Details of a comprehensive booklet to guide parents of children affected by GSD9, and an excellent web site for more information.
Online resource for GSD9
The following web site from NORD is one of the best online resources for GSD9. This includes sections as follows:
- General discussion
- Signs and symptoms
- Details of each GSD9 subtype
- Affected populations
- Related disorders
- Standard therapies
- Investigational therapies
Guidelines for diagnosis and management
This resource, published in “Genetics in Medicine” in January 2019, covers the diagnosis and management of the liver types of glycogen storage diseases 6 and 9 (all except 9d). It is a clinical practice resource of the American College of Medical Genetics and Genomics (ACMG).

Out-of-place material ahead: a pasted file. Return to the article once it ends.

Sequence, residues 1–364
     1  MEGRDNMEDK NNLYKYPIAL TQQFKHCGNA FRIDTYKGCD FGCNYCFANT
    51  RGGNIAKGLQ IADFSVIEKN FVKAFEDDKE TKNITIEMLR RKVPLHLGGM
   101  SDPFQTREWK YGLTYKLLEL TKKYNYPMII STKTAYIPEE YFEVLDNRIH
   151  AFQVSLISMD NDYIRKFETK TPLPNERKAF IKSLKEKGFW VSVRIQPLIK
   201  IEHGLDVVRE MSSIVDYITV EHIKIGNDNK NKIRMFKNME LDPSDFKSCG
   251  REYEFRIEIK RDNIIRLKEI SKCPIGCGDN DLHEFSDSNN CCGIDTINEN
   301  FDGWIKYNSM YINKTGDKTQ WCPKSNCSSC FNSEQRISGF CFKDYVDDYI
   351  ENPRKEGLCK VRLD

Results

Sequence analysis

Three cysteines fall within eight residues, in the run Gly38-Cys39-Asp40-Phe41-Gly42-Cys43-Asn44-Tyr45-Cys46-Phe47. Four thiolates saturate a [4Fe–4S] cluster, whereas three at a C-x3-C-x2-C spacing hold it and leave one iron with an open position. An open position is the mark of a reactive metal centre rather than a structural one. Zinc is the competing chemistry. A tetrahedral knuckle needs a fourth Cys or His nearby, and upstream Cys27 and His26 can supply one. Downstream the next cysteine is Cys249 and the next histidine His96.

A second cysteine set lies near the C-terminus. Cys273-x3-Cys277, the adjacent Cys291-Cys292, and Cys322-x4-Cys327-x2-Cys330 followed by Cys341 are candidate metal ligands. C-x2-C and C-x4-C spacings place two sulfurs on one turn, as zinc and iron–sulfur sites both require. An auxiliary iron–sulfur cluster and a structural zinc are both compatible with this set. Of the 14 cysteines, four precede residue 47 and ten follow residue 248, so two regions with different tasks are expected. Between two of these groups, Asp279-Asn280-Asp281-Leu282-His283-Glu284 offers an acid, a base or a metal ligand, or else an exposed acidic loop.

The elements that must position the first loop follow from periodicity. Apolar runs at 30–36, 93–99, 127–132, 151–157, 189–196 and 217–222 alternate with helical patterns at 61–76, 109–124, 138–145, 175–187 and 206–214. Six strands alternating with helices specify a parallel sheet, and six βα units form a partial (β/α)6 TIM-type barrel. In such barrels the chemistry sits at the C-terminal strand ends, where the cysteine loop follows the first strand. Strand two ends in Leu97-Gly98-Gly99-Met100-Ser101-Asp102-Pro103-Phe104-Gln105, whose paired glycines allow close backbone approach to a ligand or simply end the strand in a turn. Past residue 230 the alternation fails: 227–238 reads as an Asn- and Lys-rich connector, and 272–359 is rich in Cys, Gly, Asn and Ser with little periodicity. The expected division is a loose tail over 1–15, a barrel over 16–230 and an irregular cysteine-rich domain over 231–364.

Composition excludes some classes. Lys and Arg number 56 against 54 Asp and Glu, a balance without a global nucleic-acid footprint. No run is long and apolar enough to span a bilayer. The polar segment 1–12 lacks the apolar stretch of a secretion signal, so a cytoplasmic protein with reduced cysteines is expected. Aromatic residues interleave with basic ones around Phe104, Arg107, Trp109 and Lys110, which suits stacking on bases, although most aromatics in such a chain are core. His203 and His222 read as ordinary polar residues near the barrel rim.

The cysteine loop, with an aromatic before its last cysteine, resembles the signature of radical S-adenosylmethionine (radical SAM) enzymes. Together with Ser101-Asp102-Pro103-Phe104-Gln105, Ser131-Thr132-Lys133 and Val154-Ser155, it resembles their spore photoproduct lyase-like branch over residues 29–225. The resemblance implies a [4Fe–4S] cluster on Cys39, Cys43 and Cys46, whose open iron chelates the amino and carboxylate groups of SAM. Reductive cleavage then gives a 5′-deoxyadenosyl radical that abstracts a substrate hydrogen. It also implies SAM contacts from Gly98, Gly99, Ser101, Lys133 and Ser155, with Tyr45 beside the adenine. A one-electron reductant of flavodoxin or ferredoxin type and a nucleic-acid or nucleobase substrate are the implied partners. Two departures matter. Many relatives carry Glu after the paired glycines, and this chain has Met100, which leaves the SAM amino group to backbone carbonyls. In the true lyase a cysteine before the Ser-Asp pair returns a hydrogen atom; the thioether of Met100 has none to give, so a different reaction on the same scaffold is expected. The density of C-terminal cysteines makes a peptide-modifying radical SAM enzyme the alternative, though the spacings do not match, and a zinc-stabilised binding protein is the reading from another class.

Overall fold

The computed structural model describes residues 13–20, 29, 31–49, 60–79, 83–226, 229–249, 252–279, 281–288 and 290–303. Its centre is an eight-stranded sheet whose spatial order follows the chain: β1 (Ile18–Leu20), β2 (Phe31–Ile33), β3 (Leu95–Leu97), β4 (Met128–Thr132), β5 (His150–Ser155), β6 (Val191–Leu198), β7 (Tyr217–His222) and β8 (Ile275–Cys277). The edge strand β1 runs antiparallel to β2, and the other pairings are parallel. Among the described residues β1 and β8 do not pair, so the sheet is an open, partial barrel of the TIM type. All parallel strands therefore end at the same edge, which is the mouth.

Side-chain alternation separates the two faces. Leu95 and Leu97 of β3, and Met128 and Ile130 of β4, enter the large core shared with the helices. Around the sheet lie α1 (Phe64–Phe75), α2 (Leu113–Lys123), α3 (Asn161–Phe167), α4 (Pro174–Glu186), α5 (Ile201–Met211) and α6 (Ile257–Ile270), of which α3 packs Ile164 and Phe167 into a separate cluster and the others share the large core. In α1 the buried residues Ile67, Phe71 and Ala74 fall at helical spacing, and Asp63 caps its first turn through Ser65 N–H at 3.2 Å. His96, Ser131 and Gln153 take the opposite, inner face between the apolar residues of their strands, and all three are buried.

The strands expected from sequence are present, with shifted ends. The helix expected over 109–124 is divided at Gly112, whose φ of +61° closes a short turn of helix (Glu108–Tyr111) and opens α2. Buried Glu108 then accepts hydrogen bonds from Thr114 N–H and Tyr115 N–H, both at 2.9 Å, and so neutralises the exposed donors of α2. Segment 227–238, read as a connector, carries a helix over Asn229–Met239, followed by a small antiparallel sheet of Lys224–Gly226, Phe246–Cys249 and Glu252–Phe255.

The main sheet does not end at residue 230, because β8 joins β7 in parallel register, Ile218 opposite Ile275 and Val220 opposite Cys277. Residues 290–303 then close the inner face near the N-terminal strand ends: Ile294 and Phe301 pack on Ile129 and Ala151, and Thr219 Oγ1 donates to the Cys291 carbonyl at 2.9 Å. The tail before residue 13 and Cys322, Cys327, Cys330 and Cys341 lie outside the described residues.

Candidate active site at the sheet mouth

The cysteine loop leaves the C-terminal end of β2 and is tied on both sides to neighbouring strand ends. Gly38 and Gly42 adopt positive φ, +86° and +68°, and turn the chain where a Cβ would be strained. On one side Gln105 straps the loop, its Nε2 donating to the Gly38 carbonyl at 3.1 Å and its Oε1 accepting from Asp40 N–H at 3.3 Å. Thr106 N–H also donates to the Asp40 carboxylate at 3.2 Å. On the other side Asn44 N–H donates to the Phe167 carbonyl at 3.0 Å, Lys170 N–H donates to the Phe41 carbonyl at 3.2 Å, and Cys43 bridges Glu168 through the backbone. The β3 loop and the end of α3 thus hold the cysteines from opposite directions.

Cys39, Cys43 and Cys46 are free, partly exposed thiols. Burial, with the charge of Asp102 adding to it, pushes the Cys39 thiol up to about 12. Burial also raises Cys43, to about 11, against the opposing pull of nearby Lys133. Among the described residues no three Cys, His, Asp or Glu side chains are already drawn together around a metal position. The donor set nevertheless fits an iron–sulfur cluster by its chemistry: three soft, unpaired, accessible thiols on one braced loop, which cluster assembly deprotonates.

This guideline was developed as an educational resource for health-care providers to facilitate prompt and accurate diagnosis and appropriate management of patients.
The paper is available on-line, from where you also have the option of downloading a PDF version.
Muscle type: GSD9d
The extremely rare muscle form of GSD9 is different to the liver forms. It involves deficiency of muscle phosphorylase kinase and the liver is not affected. Individuals may develop progressive muscle weakness, atrophy, cramps, abnormal muscle pain and/or stiffness following exercise, and rust coloured urine due to muscle breakdown. They cannot exercise at the normal levels. Onset of symptoms can occur in childhood or adulthood.
People affected by GSD9d can be referred to the McArdle disease service, which also covers the related very rare muscle GSDs with its clinic in London.
GSD9d is also covered by the International Association for Muscle Glycogen Storage Disease (IamGSD).